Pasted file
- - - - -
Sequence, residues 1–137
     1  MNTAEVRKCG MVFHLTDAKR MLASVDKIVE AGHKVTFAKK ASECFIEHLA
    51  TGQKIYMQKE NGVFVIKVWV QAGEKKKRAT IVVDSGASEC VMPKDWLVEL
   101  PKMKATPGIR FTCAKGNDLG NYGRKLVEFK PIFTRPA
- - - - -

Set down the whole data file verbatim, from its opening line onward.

Sequence, residues 1–137
     1  MNTAEVRKCG MVFHLTDAKR MLASVDKIVE AGHKVTFAKK ASECFIEHLA
    51  TGQKIYMQKE NGVFVIKVWV QAGEKKKRAT IVVDSGASEC VMPKDWLVEL
   101  PKMKATPGIR FTCAKGNDLG NYGRKLVEFK PIFTRPA